On February 5, 1982, Steven Callahan had just bunked down for the night in the 23’ sailboat that he was single-handedly sailing from Europe to Antigua, when his boat sank, casting him adrift for a harrowing 76 days. As he puts it:
Disaster at sea can happen in a moment, without warning. . . . I lie on my bunk, slung upon the lee canvas, hanging as if in a hammock. . . .BANG! A deafening explosion blankets the subtler sounds of torn wood fiber and rush of sea. I jump up. Water thunders over me as if I’ve suddenly been thrown into the path of a rampaging river. . . Already the water is waist deep. The nose of the boat is dipping down. Solo comes to a halt as she begins a sickening dive. She is going down, down!
“Adrift” is Callahan’s account of his desperate battle to survive in a life raft on the Atlantic. A bestseller when first published in the late 1980s, this is a timeless tale of adventure. Callahan was luckier than many. He had outfitted his boat with a raft designed to accommodate six people. This meant that he had more room to maneuver in and that the craft itself was minimally more capable of sustaining the pounding it would take. He had a knife. He was able to salvage some supplies as his sailboat was sinking. Perhaps the most essential to his ultimate survival were a space blanket, sleeping bag, spear gun, a Tupperware container, some water and rations, and an emergency pack that had two water distilling kits. He had twine and lines, flares and a first-aid kit. Awestruck by the beauty of the sea, he had, what he calls “a view of heaven from a seat in hell.”
During his ordeal, most things broke, but he had the ingenuity to make repairs. He had the means to – at times imperfectly – distill limited quantities of potable water and fish. He lived off the fish — mostly dorados — he managed to catch with his spear gun. He did yoga to keep in shape. He somehow managed to maintain his sanity and his will to live. Few people would get out of this mess alive, but his pragmatism pulled him through:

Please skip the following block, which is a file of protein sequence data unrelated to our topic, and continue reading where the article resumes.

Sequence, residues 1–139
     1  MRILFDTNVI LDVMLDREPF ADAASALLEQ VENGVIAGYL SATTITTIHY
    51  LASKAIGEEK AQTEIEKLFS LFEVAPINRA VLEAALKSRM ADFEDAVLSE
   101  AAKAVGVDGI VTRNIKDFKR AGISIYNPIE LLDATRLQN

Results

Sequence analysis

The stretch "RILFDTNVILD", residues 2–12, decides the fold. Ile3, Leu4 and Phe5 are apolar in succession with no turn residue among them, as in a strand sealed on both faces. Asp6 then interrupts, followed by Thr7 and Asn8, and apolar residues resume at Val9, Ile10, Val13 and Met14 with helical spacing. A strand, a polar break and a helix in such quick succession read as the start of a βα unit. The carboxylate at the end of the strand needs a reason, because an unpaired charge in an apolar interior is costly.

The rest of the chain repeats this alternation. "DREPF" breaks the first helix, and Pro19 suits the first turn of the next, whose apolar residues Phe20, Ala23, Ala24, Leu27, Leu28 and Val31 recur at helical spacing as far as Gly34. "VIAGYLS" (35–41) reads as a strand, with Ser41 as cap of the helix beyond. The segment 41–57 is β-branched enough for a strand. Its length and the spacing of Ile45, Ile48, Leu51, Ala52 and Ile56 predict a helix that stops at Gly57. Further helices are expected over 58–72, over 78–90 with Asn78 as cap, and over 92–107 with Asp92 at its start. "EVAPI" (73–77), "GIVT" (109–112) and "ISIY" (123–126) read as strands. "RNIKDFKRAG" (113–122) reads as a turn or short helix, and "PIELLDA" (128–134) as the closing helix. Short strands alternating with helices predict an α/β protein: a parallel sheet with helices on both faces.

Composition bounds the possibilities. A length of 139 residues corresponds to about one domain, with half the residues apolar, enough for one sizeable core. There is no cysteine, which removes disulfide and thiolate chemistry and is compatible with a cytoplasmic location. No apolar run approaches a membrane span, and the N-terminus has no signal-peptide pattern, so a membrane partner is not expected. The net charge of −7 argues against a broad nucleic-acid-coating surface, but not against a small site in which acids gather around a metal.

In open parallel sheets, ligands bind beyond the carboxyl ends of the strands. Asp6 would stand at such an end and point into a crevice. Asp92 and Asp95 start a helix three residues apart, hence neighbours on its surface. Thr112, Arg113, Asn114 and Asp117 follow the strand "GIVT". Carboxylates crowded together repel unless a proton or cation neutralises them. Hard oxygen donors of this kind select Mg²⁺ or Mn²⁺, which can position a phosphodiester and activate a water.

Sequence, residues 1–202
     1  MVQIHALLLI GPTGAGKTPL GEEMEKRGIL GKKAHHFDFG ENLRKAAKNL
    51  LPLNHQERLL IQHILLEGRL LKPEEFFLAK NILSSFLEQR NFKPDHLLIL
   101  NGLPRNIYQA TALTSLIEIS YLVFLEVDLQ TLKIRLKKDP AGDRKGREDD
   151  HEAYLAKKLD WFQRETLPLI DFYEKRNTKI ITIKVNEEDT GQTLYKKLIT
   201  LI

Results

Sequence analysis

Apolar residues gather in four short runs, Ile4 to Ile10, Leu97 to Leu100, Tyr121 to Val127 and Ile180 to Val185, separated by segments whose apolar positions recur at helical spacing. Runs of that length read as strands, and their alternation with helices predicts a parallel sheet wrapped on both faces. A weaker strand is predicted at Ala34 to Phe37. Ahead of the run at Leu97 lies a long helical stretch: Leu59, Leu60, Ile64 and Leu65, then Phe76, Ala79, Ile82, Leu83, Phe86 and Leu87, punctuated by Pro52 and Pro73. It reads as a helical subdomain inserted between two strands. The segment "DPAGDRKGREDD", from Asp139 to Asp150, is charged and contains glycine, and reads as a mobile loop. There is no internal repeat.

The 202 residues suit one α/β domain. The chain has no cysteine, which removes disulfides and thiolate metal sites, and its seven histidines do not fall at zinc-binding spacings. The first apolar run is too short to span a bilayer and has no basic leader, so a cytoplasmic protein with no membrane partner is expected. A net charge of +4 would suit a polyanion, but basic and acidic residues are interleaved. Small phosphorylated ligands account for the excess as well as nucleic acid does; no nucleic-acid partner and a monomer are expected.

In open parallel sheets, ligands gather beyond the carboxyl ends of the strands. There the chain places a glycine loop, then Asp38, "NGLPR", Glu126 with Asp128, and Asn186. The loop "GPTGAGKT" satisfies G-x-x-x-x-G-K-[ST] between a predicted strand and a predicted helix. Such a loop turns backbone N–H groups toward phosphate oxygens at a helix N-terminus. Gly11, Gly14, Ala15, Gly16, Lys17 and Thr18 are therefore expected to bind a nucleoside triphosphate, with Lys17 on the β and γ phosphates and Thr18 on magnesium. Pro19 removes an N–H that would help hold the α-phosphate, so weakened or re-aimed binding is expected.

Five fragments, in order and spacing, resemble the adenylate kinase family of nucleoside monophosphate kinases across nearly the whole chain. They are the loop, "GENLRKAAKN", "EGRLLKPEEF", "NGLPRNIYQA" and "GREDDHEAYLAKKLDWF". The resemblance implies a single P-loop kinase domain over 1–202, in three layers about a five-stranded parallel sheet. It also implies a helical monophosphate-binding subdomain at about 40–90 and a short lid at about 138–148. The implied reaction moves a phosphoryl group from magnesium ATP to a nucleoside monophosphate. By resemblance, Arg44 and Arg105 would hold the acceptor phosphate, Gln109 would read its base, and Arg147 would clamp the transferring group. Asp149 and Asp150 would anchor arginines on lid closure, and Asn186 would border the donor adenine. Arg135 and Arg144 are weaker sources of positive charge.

When I face a crisis, I try to keep in mind a few simple concepts: we cannot control our destinies, but we can help to shape them; we must try to make life hop a bit, but we must also accept that we can only do the best we can.
After 76 days, he is rescued by a fishing boat off the coast of Guadeloupe. The fisherman catch many of the dorados that have followed Callahan across the Atlantic. He rides to land in the fishermen’s boat:
I look down at the dorados for the last time. Twelve of their kind, twelve triggerfish, four flyers, three birds, and a few pounds of barnacles, crabs, and assorted oceanic booty have kept me alive. Nine ships did not see me. A dozen sharks tested me. Now it is done, finally over, finished.
This is an amazing account by a writer who learned a lot in 76 days. Landlubbers and seafarers alike can profit from his story:
The real story of ss Adrift is not so much about me as about the magic and mystery of the sea and how it delivered me two priceless gifts. True, my odyssey showed me that I was a lot stronger and more resilient than I ever thought possible, and this is no small thing. But more important, the sea probed (my) numerous weaknesses and failures. . . .That was a far greater gift than any endurance record or human accolades.
If you loved “Kon-Tiki,” you’ll love “Adrift.” It has already proven itself to be a classic of its genre.
“Adrift” is available on amazon.com.